Talent Is Only For Artists and Athletes

You may have seen a number of articles out in the last day or two debunking the idea popularized by Malcolm Gladwell that we need 10,000 hours of practice to achieve mastery. A New York Times article quoted a researcher who contributed to the results of a new study who said,

“We found that, yes, practice is important, and of course it’s absolutely necessary to achieve expertise,” said Zach Hambrick, a psychologist at Michigan State University…“But it’s not as important as many people have been saying” compared to inborn gifts.”

One thing I noticed- despite the fact the article starts out talking about a kid kicking a soccer ball and a man learning Japanese and goes on to talk about mastery in the areas of language, sports, chess as well as music, the majority of the comments reference talent versus practice in artistic pursuits. Out of the 260 comments to the article at the time of this post, only about 10-15 talk about athletes and there isn’t really any mention of achieving mastery in any other area.

Perhaps it is due to the influence of the title of the article referencing Carnegie Hall and the fact the pictures are of dancers and musicians. However, I wondered if the artistic orientation of these comments revealed an underlying belief that we only need to consider talent versus practice in relation to artistic achievement.

No one mentioned the impact of talent or practice on writing press releases, analyzing business plans/financials or installing electrical wiring. Yet no one coming straight out of a training program can automatically do any of these things masterfully. It takes time to develop a proficiency and for many, there is a level of quality beyond which they can not advance no matter how much effort they invest.

I wondered if this belief that practice and talent are important to be successful in artistic pursuits might be contributing to the idea that the arts are an elitist pursuit that only a few can participate in.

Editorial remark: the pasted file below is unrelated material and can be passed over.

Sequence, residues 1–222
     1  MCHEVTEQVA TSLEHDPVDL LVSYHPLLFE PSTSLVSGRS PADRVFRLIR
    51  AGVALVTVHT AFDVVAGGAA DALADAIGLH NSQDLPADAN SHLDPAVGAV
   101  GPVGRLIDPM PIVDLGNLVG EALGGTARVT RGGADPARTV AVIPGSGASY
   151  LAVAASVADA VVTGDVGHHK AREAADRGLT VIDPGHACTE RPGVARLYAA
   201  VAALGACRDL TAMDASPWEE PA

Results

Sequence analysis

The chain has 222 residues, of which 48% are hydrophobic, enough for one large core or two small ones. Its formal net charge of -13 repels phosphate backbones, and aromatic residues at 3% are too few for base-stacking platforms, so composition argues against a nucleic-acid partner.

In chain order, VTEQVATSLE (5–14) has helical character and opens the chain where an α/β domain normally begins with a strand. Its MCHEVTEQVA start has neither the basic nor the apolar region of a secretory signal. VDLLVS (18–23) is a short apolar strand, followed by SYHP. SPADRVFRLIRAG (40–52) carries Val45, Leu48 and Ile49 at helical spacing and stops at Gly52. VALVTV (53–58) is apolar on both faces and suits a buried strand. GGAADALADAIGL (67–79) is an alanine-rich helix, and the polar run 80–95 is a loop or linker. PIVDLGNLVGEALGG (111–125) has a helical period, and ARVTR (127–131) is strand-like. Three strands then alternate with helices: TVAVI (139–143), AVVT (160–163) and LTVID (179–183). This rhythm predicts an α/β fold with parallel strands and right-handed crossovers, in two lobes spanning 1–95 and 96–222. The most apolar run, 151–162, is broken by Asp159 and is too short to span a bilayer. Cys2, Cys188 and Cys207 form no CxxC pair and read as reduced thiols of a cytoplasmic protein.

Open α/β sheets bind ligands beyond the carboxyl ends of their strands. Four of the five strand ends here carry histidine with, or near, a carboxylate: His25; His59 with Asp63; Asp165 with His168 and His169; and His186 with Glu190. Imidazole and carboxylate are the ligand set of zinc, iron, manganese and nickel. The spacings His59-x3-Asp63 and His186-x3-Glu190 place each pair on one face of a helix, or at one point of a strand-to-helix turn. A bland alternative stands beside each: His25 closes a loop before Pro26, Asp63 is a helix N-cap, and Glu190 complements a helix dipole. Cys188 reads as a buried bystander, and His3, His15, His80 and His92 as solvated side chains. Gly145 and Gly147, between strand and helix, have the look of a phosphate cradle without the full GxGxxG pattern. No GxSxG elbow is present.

The reverse of this plagues school teachers and professors. Students and parents who might acknowledge that hard work will never allow them to be a pro-athlete will insist that an A grade or admission to a honor class be granted because a student had worked hard. Other than Lake Woebegone where all the children are above average, there exists a level beyond which some students can’t be successful academically.

So while everyone may believe they achieve academic excellence due only to hard work, the belief that you need to be blessed with innate talent to achieve artistic excellence may contribute to the idea that only an elite few can become artistic masters or have the capacity to understand art.

Of course, people are damned by the inverse assumptions: If you are not succeeding academically, you aren’t working hard enough. If you are a rich and famous artist, you must be talented.

All this occurred to me as I was reading the article so I haven’t really tested this theory with a few days of thought. What do you think?

About Joe Patti

I have been writing Butts in the Seats (BitS) on topics of arts and cultural administration since 2004 (yikes!). Given the ever evolving concerns facing the sector, I have yet to exhaust the available subject matter. In addition to BitS, I am a founding contributor to the ArtsHacker (artshacker.com) website where I focus on topics related to boards, law, governance, policy and practice.

I am also an evangelist for the effort to Build Public Will For Arts and Culture being helmed by Arts Midwest and the Metropolitan Group. (http://www.creatingconnection.org/about/)

I am currently the Director of the Grand Opera House in Macon, GA.

Among the things I am most proud are having produced an opera in the Hawaiian language and a dance drama about Hawaii's snow goddess Poli'ahu while working as a Theater Manager in Hawaii. Though there are many more highlights than there is space here to list.

CONNECT WITH JOE


Subscribe via Email

Enter your email address to subscribe to Butts In The Seats and receive notifications of new posts by email.

Thank you for subscribing.

Please enter a valid email address

Leave a Comment

Send this to a friend